The Australian fungus could help miners find the next generation of underground gold deposits
The fungus picks up gold from its surroundings, oxidizes it, and then transforms the dissolved element back into a solid state (CSIRO)
By Meilan Solly
MAY 28, 2019
Afluffy pink fungus with long, thread-like tendrils encrusted in gold particles could help prospectors mine the precious element, a team of Australian researchers report in the journal Nature Communications.
As Mindy Weisberger explains for Live Science, the fungus—a strain of the species Fusarium oxysporum—relies on chemical interactions with underground minerals to collect gold from its surroundings. The organism then oxidizes gold before using yet another chemical to transform the dissolved element into tiny, nanoscale particles of solid gold. Gold particles produced by this process cling to the fungus, enabling spores to grow faster and larger than their non-gold covered counterparts.
The team suspects that gold also serves as a catalyst, helping the fungus digest certain carbon foods, as the study’s lead author Tsing Bohu, a geo-microbiologist at Australia’s national science agency, CSIRO, explained in an interview with the Australian Broadcasting Company’s Anna Salleh. Moving forward, Bohu says the researchers hope to use the fungus, which was found in the gold fields of western Australia, as a tracker of sorts. If spores are present in a certain area, for instance, miners may be able to narrow down the locations in which they undertake exploratory drilling.
“Fungi are well-known for playing an essential role in the degradation and recycling of organic material, such as leaves and bark, as well as for the cycling of other metals, including aluminium, iron, manganese and calcium,” Bohu explains in a CSIRO press release. “But gold is so chemically inactive that this interaction is both unusual and surprising—it had to be seen to be believed.”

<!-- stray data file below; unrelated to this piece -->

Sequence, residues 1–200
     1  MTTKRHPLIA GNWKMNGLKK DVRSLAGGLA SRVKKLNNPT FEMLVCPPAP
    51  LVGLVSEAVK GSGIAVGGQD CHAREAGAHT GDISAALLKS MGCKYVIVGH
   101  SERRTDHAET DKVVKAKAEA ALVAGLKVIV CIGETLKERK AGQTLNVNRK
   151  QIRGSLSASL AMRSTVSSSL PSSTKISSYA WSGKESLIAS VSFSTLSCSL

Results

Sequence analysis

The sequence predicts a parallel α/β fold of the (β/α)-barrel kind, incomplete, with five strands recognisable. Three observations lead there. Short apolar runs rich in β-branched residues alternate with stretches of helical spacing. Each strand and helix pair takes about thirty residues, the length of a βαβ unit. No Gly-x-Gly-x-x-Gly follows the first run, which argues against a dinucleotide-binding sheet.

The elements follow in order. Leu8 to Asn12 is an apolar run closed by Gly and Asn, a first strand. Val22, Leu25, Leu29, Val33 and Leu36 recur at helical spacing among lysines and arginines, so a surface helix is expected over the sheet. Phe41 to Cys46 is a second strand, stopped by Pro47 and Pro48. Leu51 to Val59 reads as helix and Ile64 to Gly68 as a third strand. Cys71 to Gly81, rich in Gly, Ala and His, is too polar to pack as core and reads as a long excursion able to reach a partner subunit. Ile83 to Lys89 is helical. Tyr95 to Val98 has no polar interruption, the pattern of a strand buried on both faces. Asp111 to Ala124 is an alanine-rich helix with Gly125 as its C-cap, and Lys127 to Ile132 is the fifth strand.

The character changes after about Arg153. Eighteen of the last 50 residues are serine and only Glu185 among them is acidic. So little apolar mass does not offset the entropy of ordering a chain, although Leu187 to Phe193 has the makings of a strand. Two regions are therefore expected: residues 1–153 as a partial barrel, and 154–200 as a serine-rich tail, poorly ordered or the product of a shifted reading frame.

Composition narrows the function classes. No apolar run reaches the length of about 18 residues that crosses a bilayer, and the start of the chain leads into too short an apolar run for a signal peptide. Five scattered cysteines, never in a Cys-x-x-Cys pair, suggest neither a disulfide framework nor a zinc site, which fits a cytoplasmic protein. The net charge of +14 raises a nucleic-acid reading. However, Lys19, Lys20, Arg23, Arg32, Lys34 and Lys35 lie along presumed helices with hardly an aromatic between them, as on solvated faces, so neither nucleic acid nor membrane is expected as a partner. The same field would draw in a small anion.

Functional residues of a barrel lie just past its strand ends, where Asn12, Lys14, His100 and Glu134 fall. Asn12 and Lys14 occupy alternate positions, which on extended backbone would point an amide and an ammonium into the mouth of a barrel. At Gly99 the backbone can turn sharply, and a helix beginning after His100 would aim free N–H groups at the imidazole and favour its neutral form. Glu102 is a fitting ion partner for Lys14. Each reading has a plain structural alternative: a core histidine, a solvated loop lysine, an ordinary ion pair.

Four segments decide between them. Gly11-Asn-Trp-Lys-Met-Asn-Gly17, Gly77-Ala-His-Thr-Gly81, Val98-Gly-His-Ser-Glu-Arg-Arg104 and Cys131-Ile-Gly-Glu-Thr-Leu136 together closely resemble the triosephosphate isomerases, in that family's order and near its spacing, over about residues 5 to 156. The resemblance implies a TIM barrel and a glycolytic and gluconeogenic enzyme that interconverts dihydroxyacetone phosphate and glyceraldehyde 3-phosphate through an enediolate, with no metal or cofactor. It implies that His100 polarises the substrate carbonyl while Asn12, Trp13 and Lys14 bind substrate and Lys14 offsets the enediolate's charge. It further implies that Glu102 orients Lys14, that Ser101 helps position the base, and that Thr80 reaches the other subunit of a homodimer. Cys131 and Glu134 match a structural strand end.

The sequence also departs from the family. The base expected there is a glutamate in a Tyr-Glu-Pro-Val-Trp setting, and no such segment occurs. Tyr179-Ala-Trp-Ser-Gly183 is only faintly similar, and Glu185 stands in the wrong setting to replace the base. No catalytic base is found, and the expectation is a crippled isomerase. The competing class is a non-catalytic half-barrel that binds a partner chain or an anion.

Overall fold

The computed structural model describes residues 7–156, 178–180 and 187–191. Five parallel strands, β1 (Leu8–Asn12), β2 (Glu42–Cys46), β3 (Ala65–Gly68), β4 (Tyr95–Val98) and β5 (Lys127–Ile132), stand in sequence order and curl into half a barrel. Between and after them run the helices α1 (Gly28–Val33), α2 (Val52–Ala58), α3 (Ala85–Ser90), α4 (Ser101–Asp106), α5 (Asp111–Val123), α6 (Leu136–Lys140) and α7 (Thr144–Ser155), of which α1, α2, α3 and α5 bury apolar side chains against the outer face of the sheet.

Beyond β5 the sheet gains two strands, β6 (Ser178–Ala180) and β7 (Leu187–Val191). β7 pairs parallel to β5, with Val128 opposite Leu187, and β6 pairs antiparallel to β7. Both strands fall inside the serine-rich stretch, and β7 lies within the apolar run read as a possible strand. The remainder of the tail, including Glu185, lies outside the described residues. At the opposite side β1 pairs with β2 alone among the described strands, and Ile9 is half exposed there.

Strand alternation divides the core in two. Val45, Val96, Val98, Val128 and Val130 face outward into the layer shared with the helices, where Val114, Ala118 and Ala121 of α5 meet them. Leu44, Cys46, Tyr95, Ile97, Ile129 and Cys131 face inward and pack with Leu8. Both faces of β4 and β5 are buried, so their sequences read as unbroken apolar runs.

According to Rebecca Le May of the Australian Associated Press, F. oxysporum appears to grow larger and spread faster than fungi not known to interact with gold, which means there could be a biological advantage to being covered in gold. Still, many details surrounding the singular fungus remain unclear; as Le May writes, Bohu plans on conducting additional analysis to better understand the organism’s relationship with gold and determine whether the fungus’ presence is indicative of a large underground deposit.
Australia is the world’s second largest gold producer, but predictions suggest the industry will soon be in trouble if new gold deposits are not found. In a press release, study co-author and CSIRO chief research scientist Ravi Anand notes that miners are already using exploratory techniques, including sampling termite mounds and gum leaves, to support the industry. It’s possible, he says, that the newly described fungus can be used in conjunction with these tools to “target prospective areas in a way that’s less impactful and more cost-effective than drilling.”
Overall, ABC’s Salleh reports, the fungus could help Australia’s gold mining industry in a number of ways: In addition to using the organism to detect gold in underground deposits, miners may be able to use it to recover gold from waste products such as sewage and manmade electronics.
Expanding on the science behind the fungus-gold interaction, Joel Brugger, a geochemist at Monash University who was not involved in the new study, tells Salleh that F. oxysporum may act as a “lovely pathway,” transporting gold from the depths of the planet to more shallow, mineable soil. To accomplish this, the fungus oxidizes the element, making it lose electrons, grow more soluble, and, finally, move closer to the Earth’s surface.
Brugger concludes, “The fungus may be really critical in mobilising the gold.”